Beijing to residents: Less spitting, more queuing (please)

China is hosting the APEC forum in November. City authorities are urging residents to improve their manners and claim that more are already lining up at bus stops.

By , Staff Writer

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    A watermelon vendor takes a nap while waiting for customers during a hot day in Beijing June 5, 2014.
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When they are abroad, Chinese officials like to boast of their country’s “five thousand years of civilization.” But at home, the government has long fretted its citizens are not civilized enough.

They jaywalk, officials complain; they spit; they litter; they curse at sports events; they cut in line.

And lest their bad manners embarrass visiting foreign leaders in November, when the Asia Pacific Economic Cooperation (APEC) forum meets in Beijing, the city fathers this week launched a “residents’ mass civilization practice campaign.”

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When people in the west complain about living in a “nanny state” it is because the authorities try to stop them doing anything remotely risky. In China, the “nanny state,” with all the authoritarian gravitas the ruling Communist party can muster, tries to stop its citizens being naughty.

“You should always say “hello” “thank you” and “sorry,” insisted Tian Wensong at a press conference on Tuesday to launch Beijing's campaign, sounding for all the world like a kindergarten teacher.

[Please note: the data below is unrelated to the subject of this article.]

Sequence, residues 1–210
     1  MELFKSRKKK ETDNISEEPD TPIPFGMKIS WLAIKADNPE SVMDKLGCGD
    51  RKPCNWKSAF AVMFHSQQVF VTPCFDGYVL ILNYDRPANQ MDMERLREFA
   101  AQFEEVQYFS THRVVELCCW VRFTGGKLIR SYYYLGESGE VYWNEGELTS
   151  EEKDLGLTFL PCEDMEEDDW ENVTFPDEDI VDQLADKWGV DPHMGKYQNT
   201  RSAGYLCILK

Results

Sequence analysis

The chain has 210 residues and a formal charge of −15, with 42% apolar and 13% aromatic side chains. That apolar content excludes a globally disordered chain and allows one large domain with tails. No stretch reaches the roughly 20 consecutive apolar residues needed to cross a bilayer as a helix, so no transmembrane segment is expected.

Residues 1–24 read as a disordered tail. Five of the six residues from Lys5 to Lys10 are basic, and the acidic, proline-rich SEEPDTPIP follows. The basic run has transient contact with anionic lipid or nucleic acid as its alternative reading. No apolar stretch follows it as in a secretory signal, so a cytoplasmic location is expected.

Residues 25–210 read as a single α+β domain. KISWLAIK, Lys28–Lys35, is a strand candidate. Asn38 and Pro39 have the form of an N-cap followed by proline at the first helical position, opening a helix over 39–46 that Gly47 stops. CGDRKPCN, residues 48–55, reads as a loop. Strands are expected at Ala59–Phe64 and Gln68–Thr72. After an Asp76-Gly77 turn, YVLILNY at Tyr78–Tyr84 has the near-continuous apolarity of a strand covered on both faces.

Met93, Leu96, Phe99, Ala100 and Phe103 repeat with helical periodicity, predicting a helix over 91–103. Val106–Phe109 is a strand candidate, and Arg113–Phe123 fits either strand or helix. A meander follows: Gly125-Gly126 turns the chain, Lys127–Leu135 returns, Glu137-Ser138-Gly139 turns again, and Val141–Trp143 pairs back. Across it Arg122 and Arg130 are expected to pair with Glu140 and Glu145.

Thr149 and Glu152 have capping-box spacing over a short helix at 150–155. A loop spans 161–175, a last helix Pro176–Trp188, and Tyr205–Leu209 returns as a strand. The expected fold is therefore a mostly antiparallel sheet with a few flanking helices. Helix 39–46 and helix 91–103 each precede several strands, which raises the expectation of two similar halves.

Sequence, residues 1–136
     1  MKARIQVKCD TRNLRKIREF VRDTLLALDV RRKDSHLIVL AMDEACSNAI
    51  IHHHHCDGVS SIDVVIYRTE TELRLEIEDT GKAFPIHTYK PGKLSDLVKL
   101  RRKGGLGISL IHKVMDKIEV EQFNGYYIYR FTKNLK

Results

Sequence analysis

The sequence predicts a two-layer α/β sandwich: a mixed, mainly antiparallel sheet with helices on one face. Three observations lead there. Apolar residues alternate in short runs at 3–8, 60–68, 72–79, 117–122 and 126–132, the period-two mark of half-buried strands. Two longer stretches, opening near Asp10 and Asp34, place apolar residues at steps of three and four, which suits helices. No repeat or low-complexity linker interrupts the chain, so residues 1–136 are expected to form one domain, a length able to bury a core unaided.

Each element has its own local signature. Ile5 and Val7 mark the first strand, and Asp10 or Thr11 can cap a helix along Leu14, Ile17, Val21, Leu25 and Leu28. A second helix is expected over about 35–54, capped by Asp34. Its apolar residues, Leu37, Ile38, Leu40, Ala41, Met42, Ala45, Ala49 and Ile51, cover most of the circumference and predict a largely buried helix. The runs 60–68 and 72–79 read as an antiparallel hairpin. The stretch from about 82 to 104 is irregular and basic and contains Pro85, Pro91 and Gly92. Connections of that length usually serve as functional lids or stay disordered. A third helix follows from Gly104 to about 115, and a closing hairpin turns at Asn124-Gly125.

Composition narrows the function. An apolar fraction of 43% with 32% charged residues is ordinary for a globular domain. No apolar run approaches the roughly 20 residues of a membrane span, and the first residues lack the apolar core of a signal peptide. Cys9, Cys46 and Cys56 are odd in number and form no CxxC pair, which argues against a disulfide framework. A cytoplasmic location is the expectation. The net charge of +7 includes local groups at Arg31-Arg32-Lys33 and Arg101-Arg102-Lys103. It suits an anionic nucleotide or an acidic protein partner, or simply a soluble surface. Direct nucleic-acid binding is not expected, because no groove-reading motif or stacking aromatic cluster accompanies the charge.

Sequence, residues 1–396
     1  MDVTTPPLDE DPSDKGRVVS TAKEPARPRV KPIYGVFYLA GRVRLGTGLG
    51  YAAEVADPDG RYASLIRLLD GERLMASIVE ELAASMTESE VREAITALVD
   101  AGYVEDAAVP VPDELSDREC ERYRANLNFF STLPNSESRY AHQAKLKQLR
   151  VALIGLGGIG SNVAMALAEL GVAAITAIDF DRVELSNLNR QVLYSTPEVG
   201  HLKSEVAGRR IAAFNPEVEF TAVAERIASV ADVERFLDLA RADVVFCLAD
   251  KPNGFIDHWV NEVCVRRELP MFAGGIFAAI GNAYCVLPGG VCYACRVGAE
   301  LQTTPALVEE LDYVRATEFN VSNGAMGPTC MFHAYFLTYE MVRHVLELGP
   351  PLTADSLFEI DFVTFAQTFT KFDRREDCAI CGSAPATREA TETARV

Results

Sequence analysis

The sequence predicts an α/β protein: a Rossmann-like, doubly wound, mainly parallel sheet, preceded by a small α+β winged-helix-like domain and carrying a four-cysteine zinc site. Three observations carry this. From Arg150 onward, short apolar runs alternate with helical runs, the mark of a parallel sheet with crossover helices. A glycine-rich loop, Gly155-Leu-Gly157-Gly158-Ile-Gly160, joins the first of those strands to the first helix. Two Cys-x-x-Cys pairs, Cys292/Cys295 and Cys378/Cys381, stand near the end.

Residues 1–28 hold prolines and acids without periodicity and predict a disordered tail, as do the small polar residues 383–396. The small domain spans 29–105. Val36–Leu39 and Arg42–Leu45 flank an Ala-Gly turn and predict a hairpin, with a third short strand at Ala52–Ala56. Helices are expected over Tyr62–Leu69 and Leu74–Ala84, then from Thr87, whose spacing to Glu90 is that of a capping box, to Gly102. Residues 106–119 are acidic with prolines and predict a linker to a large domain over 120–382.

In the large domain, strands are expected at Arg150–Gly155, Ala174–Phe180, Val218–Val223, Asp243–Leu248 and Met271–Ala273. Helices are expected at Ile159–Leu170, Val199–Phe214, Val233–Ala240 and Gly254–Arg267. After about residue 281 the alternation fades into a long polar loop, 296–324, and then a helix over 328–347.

Actually, Mr. Tian is the section chief responsible for the Promotion of Civilized Behavior in the Capital Civilization Office. It is a job akin to being a herder of cats, in a city where the key rule of behavior is “every man for himself.”

This is not the first such attempt to instill civility in Beijing residents. In the run-up to the 2008 Olympic Games the authorities cracked down on littering and disorderly bus-mounting habits, and they claim some success. “Most Beijingers now stand in line at bus stops of their own accord,” said Tian’s boss, Han Longbin.

Mr. Han said his department is still struggling with "traffic order and people crossing the road against red lights." And Tian offered a simple solution: “Do not rush to be first."

The officials gave few details of exactly how they will go about civilizing their citizenry, but promised “teach-ins” on green lifestyles and waste disposal; a campaign to make residents sign a pledge to be civilized; and a school essay competition to “guide students to be brilliant, courteous, civilized and responsible Beijingers.”

Han cautioned against expecting too much of the campaign. “Civilization cannot be built overnight,” he pointed out.

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